* Do this at your own risk.*
Add this to the list of things I should have done a long time ago. This DIY garage paint booth has changed the way I work and I am totally smitten. I’ve been using a paint sprayer for about a year now. In the past, each time I would start a project, I would spend almost half a day setting up some sort of paint booth situation.
I would line up everything that needed to be painted and spend a week pulling things in and out of the booth to get them done quickly so I could take down the plastic so Hubs could have his garage back. That got so old. It took up so much room and sooo much time. After taping plastic to the ceiling and pulling it down, no matter how careful I was, I would get the tape stuck to the plastic and then it would tear and I would have to trash it. So I was also spending more money than was really necessary. I searched online forever to find some sort of solution and I finally found this post over at Anyone Can Decorate, but I did some tweaking.
I keep calling this a convertible paint booth, but to me that implies that it doesn’t have a top, which it does, so that’s all wrong. A pants-less paint booth? That also seems a little misleading. Either way, It’s semi-permanent so I can roll it up and out of the way when it is not in use.
Here’s a crazy fast .gif so you can see how it works.
Shout out to Hubs for all the help on this one. Here’s how we did it:
We started by measuring out the area – it ended up being about 10 feet by 12 feet, which was determined by the outlet placement on the back wall, the window on the side wall and some pesky cabinets. We measured out the area and purchased 1×2’s and a package of this plastic sheeting. We already had a bunch of these giant hooks that were left in the ceiling from the previous owners so we just removed them and put them where we needed them.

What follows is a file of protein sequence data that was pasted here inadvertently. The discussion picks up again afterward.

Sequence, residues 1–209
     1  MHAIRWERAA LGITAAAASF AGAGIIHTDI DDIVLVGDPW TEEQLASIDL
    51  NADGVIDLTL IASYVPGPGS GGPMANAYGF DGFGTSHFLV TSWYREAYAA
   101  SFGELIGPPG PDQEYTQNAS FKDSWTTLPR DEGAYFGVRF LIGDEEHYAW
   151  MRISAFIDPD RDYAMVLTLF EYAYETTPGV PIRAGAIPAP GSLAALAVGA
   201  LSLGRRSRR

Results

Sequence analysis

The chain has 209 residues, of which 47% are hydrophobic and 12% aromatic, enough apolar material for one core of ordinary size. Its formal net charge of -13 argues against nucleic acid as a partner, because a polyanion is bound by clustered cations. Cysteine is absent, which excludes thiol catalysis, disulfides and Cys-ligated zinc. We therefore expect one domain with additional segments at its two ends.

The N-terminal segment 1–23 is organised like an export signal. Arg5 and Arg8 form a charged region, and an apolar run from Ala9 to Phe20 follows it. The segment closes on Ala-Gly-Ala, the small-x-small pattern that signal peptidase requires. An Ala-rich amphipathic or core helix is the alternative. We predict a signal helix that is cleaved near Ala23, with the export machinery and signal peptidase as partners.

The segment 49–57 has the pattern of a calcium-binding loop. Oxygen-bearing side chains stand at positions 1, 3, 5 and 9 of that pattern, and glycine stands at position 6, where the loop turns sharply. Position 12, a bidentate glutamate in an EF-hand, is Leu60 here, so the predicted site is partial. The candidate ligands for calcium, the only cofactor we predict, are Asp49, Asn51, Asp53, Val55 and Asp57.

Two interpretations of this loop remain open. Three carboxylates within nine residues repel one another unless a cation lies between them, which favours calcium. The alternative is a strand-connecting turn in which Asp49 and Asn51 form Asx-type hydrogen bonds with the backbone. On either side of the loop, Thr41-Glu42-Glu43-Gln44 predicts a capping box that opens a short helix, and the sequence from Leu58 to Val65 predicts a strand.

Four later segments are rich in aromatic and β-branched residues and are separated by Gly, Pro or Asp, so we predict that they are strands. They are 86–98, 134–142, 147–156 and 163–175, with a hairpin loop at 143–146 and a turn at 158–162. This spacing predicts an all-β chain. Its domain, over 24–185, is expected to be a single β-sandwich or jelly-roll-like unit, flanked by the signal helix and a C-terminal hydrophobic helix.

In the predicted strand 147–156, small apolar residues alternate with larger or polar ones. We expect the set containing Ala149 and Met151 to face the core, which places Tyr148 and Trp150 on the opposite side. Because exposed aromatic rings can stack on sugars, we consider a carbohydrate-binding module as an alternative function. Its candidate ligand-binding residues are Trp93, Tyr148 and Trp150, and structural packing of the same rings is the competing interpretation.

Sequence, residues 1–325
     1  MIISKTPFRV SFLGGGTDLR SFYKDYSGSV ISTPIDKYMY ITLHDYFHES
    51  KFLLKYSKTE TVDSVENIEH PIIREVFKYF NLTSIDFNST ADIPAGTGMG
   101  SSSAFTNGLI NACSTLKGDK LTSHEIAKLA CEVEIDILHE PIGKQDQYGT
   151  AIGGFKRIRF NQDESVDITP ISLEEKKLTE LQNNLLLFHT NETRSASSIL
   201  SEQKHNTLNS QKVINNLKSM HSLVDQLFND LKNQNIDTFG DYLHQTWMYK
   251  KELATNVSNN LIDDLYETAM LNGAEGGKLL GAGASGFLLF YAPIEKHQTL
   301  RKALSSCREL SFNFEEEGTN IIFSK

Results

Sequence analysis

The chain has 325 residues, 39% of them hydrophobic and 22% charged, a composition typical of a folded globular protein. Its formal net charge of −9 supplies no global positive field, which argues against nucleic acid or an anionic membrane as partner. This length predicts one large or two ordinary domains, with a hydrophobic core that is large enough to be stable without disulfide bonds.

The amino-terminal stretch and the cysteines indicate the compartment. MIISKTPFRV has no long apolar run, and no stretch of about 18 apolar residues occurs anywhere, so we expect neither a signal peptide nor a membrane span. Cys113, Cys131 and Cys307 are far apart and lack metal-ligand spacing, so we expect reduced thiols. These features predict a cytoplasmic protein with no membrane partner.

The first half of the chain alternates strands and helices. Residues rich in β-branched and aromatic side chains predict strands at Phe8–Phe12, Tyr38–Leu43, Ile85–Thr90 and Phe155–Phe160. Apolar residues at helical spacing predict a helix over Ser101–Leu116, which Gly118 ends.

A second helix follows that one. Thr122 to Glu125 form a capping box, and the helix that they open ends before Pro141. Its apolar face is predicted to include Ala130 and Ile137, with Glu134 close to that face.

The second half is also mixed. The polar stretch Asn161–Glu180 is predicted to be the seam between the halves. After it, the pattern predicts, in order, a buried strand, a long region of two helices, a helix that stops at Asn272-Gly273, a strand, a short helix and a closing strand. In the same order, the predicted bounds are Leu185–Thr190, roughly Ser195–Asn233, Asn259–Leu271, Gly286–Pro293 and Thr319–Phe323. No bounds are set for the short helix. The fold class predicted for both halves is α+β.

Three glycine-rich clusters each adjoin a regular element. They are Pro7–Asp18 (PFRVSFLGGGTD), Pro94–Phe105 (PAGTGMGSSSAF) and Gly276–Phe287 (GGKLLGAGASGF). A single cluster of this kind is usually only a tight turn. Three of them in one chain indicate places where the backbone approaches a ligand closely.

We wrapped the plastic around the 1×2’s (which were only .96 cents each) and then screwed the wood to the ceiling and then added the hooks. At the bottom of the sheeting, we used tape to attach the plastic to another piece of 1×2 so that when it is rolled up it can just sit in the hooks, up and out of the way.
I put a box fan in the window, pointing outwards, to help suck some of the paint out of the booth…
…and added a filter to it to somewhat protect the fan.
I flipped on the fan to test the suction by throwing a piece of sandpaper against it.
So…. I read A LOT of tutorials and “pro advice” on paint booths and it seems as though a box fan in the window is not an ideal situation, so, insert your criticisms here. If you have some sort of cost effective solution to address the paint-in-the-fan-motor issue, your polite and friendly suggestions are welcome. Don’t be a troll.
I do wear a hardcore paint mask and goggles. After putting the fan in the window, I put up the plastic on the back and side walls.
Then I did the floor.
I ran out of paper, so I just used some scraps of plastic. I would advise against using the plastic on the floor as it gets very slippery once it has paint and paint dust on it. I would be so awful to have a nice flawless finish on something and then do a face plant right into it. Once the floor covering was down, I trimmed the plastic on the walls and taped it down using frog tape. And I might have gone a little frog tape crazy trying to make sure the fan area was airtight so I could get maximum suckage. Insert joke.
So now I can leave this thing up year round and get my paint on anytime. The floor needs a good sweep and vacuum after each paint, but that’s way less work than setting up and tearing down a makeshift booth each time.
There is a slight opening on the corner where I enter and exit. Before painting, I just slide the bottom piece of wood over to close the gap and then use binder clips to seal it. It does leave a gap at the top a little bit, but ya know… math is hard.
Once I’m done spraying, I roll up one side and put a high powered fan there to push air across the piece as well as help push air out window.
I always keep the garage door open when doing this and also chose not to enclose the garage light in the booth since that seems like a worse fire hazard than the fan motor situation. Plus, the sun rises on that side of the house and I’m usually painting in the A.M.
With the fan, plastic sheeting, filter and wood, this cost about $55 bucks and has completely changed the way I work.
Okay, crazy fast .gif time: